Wednesday, November 6, 2013
Media Advisory: Carnegie Mellon To Host First Community Screening of Robert Reich's Film, "Inequality For All"
Contact: Shilo Rea / 412-268-6094 / firstname.lastname@example.org
Event: Carnegie Mellon University will host the first community sponsored screening of Robert Reich's film, "Inequality For All." The film follows Reich, the U.S. Secretary of Labor under President Clinton, as he looks to raise awareness of the country's widening economic gap. Following the screening, Reich will participate in a question and answer session via Skype.
Carnegie Mellon's Kathy M. Newman learned about "Inequality For All" through a friend's Facebook page. When she discovered the film was not scheduled to be shown in Pittsburgh, Newman started canvassing CMU partners and others in the Pittsburgh community for donations to bring the film to CMU.
"I knew instantly that this film should be shown in Pittsburgh. Income inequality is a real problem here. A recent study found that over the last 20 years the incomes of the wealthiest fifth of Pennsylvanians grew by 7.2 percent while the income of the poorest fifth fell by 7.9 percent. Now I'm not an economist, but I am an expert on the subject of media and social change. And with this film Berkeley Economics Professor Robert Reich is trying to change the U.S. economy to make it work again for the middle class. And he's trying to do it with this funny, engaging, and hard driving film," said Newman, associate professor of English in the Dietrich College of Humanities and Social Sciences.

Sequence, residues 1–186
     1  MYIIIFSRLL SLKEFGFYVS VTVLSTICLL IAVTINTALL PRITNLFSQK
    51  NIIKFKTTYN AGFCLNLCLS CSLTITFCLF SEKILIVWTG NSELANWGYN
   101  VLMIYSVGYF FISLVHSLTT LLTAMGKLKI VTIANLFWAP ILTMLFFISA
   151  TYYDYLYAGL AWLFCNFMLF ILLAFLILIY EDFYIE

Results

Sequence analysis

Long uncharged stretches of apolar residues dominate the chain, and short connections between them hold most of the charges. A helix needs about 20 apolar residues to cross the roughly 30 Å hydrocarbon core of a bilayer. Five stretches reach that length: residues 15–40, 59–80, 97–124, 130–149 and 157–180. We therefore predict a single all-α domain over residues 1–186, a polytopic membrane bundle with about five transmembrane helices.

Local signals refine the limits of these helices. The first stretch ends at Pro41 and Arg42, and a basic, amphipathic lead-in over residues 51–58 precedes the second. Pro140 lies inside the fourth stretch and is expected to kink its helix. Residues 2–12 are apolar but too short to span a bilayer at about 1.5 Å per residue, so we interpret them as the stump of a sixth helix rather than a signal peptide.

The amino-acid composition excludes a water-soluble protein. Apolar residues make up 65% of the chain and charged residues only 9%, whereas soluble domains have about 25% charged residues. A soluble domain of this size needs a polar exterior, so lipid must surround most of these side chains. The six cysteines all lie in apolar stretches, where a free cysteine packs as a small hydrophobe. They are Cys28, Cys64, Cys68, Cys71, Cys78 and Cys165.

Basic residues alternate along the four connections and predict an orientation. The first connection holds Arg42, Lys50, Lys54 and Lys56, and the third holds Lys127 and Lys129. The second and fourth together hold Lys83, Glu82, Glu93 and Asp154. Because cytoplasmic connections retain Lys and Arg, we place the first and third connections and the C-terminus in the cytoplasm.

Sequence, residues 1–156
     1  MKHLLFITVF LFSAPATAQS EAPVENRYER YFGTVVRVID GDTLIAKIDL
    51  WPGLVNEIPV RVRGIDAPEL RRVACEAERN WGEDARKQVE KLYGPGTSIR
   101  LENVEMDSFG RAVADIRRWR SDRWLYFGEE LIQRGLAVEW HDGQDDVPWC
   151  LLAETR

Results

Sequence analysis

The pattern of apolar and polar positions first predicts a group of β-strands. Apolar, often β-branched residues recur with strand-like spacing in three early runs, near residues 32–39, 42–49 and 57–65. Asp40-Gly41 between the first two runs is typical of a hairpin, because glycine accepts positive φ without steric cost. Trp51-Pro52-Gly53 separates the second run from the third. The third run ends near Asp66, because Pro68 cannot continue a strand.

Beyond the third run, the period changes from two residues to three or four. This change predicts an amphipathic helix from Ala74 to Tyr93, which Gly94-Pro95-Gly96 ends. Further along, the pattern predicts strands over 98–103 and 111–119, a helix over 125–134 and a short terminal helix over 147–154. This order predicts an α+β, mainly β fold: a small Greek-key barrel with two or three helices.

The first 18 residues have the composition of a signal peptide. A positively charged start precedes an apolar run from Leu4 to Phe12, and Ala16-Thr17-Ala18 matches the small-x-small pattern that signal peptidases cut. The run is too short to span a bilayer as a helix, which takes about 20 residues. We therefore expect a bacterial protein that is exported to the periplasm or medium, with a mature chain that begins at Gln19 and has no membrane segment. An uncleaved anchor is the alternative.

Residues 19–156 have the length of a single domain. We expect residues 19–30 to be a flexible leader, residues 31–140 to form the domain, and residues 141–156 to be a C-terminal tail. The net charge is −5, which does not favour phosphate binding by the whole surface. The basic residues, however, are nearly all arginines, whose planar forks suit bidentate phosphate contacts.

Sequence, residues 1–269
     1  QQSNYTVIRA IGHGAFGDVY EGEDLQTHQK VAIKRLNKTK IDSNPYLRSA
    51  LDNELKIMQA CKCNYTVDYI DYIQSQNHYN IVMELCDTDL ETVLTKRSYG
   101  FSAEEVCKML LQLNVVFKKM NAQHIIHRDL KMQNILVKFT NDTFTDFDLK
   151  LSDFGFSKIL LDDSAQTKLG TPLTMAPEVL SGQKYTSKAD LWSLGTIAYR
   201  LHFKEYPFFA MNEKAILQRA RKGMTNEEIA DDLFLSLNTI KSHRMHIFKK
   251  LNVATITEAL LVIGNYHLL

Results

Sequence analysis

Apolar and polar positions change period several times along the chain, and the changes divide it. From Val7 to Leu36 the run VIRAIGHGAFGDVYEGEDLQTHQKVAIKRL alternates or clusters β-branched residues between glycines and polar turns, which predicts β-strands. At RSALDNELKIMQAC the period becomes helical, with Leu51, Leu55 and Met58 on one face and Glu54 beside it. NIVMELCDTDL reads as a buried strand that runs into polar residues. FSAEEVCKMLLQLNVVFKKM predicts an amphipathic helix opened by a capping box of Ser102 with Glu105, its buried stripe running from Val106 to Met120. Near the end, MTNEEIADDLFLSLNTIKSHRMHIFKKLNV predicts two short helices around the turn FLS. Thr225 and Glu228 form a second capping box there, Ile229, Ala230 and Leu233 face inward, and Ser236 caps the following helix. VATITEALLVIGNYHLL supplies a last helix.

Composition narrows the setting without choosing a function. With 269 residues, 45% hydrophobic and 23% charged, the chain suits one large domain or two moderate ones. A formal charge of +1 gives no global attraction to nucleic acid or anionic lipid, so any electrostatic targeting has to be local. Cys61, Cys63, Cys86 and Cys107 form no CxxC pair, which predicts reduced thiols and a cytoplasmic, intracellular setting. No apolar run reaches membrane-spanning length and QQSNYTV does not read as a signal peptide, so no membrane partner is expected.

A documentary directed by Jacob Kornbluth, "Inequality For All" mixes facts, infographics and profiles of families whose lives have been scarred by the new economy. Reich, the Chancellor's Professor of Public Policy at the University of California, Berkeley, also shares his personal story of his lifelong work to push for a fair economy. The film ties the vast increase in income inequality to the loss of good union jobs, the diversion of economic growth from wages to CEO compensation and profits, the financialization of the economy, cutting taxes for the wealthy, and the failure of government to keep investing in education and infrastructure.
"Inequality For All" is currently playing at select theaters across the country. The Carnegie Mellon screening is free and open to the public, courtesy of CMU's Center for the Arts in Society, International Film Festival "Faces of Work," Division of Student Affairs and Department of English, as well as Make it Our UPMC, One Pittsburgh, the Pittsburgh Collaborative for Working Class Studies and the Thomas Merton Center.
When: Monday, Nov. 18
5:15 p.m. pre-screening reception with pizza; 6:15 p.m., movie screening
Where: McConomy Auditorium, Carnegie Mellon University
Cost: Free and open to the public.